There has been much in the news the past few weeks about PC madness and how it has gone too far with people now being afraid to say anything without someone finding something offensive in it. Not that this stops the likes of Frankie Boyle, Ricky Gervais or anyone in the Big Brother house- accusations of bullying and offensive remarks pepper the media but it is simply people behaving as they do in real life-from saying what they mean. Much as I have no wish to return to the primitive days of the seventies and early eighties when PC awareness was an essential antidote to the bigotry of racism, anti-gay sentiment and even rampant misogyny it is now being associated with a bunch of do-gooders ready to pounce on any little remark in the form of censorship and fascism which the original advocates set out to destroy. It is like it is now eating its own young. Whilst many of the issues it covers are extremely worthwhile and important-no-one should be mocked or judged because of their colour, race, sexual orientation or disabilities whether they be physical or mental- a little leeway is required otherwise we are in danger of becoming a humourless nation under constant censorship. I remember a couple of years ago watching an episode of X-Crutiating Factor wherein after two of one of the judges acts had ended up in the bottom two and said judge had to decide which one of the sobbing, pleading wannabes they would save to continue in the competition Dermot O’Weary attempted to cajole a decision by saying that it was a bit like Sophie’s Choice. Following this off the cuff remark- inappropriate and ill advised but hardly offensive – the phone lines were jammed with complaints that his remark was insensitive to descendants of those who perished in the holocaust. Personally this was PC madness in extremis over a stupid remark which was obviously not meant to cause offence or belittle the seriousness of the holocaust but it showed how far things have gone and not necessarily in the steps of advancement. It is a bit like when Mary Whitehouse humming along to the Beatles’ I am the Walrus realised there was a line in there about someone being a naughty girl who took her knickers down and immediately outraged tried to have their specially commissioned film which included the song banned. We do not want to turn into a nation of Mary Whitehouse’s nor do we want to return to the values where those alienated from the mainstream become the afflicted because of their differences but we do need to get some kind of reasonable perspective.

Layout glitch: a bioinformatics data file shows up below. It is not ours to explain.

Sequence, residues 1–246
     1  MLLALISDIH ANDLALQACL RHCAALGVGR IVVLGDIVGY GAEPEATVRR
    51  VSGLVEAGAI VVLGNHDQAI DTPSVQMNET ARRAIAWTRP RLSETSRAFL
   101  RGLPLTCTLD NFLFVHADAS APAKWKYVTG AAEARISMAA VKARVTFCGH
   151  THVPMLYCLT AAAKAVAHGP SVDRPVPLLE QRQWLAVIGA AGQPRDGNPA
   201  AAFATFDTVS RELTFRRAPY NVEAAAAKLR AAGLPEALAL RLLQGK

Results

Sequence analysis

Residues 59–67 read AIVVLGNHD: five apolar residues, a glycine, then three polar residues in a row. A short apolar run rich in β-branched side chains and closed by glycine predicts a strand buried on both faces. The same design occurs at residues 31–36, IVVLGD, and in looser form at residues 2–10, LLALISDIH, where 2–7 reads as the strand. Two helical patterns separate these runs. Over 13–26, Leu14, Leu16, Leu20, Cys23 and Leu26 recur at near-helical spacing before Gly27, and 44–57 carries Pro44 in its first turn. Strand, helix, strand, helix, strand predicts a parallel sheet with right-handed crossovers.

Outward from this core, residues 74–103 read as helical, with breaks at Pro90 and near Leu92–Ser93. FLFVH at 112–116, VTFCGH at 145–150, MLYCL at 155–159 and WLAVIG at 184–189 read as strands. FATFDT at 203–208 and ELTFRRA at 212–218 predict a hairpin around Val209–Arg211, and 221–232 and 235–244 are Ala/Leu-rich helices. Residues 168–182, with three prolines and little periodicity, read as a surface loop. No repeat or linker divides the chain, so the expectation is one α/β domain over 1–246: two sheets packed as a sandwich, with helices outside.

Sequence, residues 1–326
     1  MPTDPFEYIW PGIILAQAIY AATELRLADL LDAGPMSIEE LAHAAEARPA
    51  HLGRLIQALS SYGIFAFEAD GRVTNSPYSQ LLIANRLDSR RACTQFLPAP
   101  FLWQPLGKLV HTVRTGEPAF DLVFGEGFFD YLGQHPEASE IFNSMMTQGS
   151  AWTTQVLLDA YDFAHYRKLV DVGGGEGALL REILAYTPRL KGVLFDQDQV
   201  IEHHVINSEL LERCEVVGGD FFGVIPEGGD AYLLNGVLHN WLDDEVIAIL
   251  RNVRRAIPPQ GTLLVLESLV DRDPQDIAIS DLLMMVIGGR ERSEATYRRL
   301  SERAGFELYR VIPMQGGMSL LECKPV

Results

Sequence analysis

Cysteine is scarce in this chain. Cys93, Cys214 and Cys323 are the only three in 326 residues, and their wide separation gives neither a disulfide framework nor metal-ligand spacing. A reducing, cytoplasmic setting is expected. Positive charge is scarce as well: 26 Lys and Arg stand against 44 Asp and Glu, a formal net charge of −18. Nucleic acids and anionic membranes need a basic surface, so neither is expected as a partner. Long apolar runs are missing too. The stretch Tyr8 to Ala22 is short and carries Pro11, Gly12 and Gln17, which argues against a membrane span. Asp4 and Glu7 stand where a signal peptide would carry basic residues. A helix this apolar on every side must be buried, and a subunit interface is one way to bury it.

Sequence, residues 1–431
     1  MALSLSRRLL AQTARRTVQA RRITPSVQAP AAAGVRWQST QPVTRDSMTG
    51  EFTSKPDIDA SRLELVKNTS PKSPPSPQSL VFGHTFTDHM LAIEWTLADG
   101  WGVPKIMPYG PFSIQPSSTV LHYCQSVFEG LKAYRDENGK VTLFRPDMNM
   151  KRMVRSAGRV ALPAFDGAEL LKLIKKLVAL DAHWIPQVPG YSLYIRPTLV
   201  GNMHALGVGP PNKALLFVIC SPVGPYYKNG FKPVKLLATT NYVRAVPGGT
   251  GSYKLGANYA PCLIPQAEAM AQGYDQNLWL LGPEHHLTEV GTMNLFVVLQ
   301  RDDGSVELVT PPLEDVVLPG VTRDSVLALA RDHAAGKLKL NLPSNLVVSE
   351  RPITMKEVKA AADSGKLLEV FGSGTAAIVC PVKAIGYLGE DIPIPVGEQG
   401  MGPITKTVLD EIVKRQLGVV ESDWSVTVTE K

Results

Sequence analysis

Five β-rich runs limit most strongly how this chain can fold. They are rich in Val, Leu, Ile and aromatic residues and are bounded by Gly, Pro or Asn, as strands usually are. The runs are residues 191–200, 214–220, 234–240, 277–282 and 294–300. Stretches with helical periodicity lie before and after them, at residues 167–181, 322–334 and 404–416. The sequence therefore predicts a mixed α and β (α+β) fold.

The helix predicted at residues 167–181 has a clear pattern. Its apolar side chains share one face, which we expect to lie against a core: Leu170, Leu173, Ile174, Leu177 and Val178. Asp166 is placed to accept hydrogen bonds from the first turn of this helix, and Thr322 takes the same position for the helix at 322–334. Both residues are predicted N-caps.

Continuing on the theme of what is acceptable I am off to see Steve McQueen’s latest film Shame starring Michael Fassbender and Carey Mulligan this afternoon which deals with the issue of sex addiction. With pornography available online it no longer is associated with something to be ashamed of as many indulge themselves after a simple two clicks on the mouse. What the PC brigade would have made of this twenty or thirty years ago is anyone’s guess but it only goes to show how generational some things are as pornography is no longer a social taboo and in many ways is an accepted part of the mainstream. There is no longer any need to reach up to a top shelf-filled with trash mags now anyway- or sneak through to the back area of a down market shop in order to make an illicit purchase when it is available in your living room on your screen at anytime. Having not seen the film as yet I am curious as to how it approaches this recent phenomenon and how it impacts on our society.

To finish off today and to propagate today’s themes of sex and debauchery here are the Gun Club with a charming little ditty called Sex Beat perfectly synchronised with a clever visual assemblage that no-one should feel the need to complain about if they have even but just one rock and roll bone left in their body.

    • Lorna Barry Hofstetter
    • January 13th, 2012

    Hey I just love your point of view, and Im so gratefull to have known you while I was growing up. You helped to make me who I am. Thank you!!! xxxxxxxx

    • peter miller
    • January 14th, 2012

    Really enjoyed that wee read this week.